Using Your Retirement Savings During An Economic Downturn

Over the last year, we’ve had to change how we do a lot of things. We’re working differently… seeing friends differently… even our family gatherings look different now. The holidays were unlike any we’ve had in our lifetimes. Fewer table settings. Fewer last-minute trips to the grocery. And now, we’re seeing that it’s affecting retirement planning.

Some may have lost their jobs and are looking to their retirement funds as a way to make ends meet. Others may be worried about the market and are now looking to have more cash on hand just in case they need it.

It’s tempting to use retirement dollars to make it through a time of uncertainty (especially with special rules allowing penalty-free withdrawals up to $100,000). But it that the best way to plan for the future?

Let’s check out a few ways you could access money you have set aside for your retirement years, and look closely at the pros, the cons, and the ways that could affect you this tax season.

Stopping Retirement Contributions

One way that people may look to increase the cash they have in hand is to stop making contributions to their retirement accounts. This may mean reducing the actual amount of pre-tax dollars coming out of their check into their 401(k).

While this may be tempting (and could be better solution than actually taking money out of your retirement account), remember that you’re still taking money away from your long-term savings for a short-term situation.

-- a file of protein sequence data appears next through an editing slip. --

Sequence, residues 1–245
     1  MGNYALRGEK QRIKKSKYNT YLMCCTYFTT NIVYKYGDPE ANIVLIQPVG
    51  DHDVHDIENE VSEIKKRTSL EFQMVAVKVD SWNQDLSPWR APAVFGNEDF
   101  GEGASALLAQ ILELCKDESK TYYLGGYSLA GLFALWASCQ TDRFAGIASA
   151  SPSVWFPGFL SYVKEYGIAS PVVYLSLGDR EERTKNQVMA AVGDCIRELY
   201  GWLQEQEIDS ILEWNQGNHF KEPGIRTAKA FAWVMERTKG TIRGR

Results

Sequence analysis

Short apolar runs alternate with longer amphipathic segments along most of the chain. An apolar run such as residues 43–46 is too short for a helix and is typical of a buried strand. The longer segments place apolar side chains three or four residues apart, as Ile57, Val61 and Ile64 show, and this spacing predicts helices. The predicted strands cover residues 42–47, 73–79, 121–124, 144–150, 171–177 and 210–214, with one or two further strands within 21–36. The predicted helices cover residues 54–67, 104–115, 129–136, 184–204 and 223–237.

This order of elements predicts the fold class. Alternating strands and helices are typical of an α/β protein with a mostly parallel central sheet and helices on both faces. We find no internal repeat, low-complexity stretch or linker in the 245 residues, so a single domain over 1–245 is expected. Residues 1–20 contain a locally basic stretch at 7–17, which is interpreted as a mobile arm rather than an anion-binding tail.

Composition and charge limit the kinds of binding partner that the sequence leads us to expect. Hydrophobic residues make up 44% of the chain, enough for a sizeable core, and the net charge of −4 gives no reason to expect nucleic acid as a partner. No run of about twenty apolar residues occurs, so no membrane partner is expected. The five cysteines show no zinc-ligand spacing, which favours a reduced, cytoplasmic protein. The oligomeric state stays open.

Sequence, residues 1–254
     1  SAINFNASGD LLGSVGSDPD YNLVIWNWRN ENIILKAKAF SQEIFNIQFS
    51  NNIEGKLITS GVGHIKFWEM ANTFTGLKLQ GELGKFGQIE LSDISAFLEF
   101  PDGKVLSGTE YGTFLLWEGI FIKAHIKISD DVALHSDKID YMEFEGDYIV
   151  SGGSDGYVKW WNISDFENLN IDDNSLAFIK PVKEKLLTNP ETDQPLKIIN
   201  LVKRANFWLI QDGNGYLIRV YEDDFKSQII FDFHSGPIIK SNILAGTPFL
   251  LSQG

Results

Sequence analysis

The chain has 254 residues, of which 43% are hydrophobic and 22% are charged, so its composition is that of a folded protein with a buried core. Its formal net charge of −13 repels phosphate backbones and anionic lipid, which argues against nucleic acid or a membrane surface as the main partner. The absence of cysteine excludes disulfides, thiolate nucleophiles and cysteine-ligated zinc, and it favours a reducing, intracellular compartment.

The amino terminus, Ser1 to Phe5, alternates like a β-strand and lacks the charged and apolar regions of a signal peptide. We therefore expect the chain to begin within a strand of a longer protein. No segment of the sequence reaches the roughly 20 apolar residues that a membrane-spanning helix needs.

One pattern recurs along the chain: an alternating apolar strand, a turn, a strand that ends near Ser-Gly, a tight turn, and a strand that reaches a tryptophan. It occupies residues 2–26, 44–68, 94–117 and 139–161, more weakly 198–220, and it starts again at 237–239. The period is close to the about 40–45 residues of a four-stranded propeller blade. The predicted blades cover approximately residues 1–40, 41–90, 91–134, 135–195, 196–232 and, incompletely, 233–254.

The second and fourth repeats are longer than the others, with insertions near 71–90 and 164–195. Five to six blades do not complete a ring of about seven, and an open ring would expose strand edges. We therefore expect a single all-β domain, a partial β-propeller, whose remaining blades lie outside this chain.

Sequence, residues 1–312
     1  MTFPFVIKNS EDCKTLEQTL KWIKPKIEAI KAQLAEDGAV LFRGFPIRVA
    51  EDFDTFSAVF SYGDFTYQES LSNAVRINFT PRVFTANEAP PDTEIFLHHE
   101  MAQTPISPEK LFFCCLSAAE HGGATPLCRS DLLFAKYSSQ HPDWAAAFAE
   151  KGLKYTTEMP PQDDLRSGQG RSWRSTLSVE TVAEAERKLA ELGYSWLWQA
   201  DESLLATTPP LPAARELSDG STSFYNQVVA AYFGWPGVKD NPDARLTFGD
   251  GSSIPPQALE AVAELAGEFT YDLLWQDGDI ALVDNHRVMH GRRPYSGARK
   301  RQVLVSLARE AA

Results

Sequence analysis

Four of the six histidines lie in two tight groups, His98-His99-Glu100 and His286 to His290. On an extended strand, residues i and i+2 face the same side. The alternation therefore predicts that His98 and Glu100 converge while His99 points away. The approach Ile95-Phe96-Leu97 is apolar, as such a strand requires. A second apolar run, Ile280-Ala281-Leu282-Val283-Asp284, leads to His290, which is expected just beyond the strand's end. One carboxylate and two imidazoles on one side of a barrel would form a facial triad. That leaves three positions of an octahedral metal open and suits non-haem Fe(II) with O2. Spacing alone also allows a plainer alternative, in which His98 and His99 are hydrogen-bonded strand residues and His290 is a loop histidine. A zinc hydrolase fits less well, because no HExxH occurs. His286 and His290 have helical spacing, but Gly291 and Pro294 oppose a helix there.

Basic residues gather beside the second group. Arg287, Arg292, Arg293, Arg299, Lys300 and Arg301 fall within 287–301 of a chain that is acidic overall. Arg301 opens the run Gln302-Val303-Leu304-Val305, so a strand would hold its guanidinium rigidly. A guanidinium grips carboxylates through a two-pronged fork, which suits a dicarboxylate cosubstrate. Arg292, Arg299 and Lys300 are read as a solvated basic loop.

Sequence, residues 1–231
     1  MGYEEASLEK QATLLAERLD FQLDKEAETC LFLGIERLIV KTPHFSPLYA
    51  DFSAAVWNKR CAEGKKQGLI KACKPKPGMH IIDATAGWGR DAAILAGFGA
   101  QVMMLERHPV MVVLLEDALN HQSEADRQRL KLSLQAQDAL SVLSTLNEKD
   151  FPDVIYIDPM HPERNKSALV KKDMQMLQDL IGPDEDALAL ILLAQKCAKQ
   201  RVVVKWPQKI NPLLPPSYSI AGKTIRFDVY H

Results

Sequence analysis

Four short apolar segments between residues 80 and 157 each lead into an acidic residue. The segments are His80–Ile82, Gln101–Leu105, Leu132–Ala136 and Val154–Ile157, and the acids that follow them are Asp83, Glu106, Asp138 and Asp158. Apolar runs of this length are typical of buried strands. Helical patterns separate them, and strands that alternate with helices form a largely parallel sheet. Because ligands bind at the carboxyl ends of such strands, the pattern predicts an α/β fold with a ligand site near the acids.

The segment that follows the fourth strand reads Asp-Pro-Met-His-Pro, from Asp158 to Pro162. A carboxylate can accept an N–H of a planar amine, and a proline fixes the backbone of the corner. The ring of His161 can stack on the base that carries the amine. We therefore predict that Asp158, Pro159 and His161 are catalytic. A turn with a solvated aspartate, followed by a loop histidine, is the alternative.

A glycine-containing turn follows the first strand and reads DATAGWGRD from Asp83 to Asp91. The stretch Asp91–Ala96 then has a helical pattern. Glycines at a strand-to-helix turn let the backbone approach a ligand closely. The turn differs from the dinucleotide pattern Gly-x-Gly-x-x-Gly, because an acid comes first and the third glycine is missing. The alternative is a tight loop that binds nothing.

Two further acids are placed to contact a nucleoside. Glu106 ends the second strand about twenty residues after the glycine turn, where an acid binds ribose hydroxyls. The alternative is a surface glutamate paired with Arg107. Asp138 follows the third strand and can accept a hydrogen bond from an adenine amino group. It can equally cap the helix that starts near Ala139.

Because of compounding interest, this could be a bigger loss than it may seem immediately. And if your employer matches part of your contributions, you’ll be missing out on this benefit.

Plus, since a 401(k) and IRA are tax advantaged, you may actually increase your gross taxable income for the year if you reduce your contributions. This may be something to think about, as it could affect your taxes for the year.

Using Your IRA or 401(k) Savings

You may be able to leverage your retirement account (think 401(k) or IRA) to get money you can use now for bills, groceries, and other necessities. There are a couple different ways to use that money—but think carefully before you withdraw, Even though the CARES Act has removed some barriers to using that money, using those dollars may have long term effects on your retirement investments.

Withdrawing Early
It’s usually never a good idea to withdraw from your retirement account, because of the 10 percent early withdrawal penalty. But because of COVID-19, Congress wrote the CARES Act that waived this penalty (on up to $100k of retirement funds) if you qualify. This means if you or a spouse or dependent tested positive, or you lost your job because of COVID, you could use those retirement funds to pay your bills. There is now a second round of stimulus: the Coronavirus Response and Relief Supplemental Appropriations Act of 2021. This includes several “tax extenders”, that means the penalty will continue to be waived for now.  

Now, this means you could withdraw that money with no penalty. But you will still have to pay taxes on that money, just as you would if withdrawing it in retirement. Luckily, the CARES Act allows the borrower to pay the taxes on the withdrawal over three years, rather than all at once, but this will still be something to consider when filing your taxes. You can also pay back the amount you withdrew and claim a tax refund.

And while Roth IRAs are often free from tax and penalties, it’s still considered an unqualified withdrawal if the account was converted from a traditional IRA within the last five years.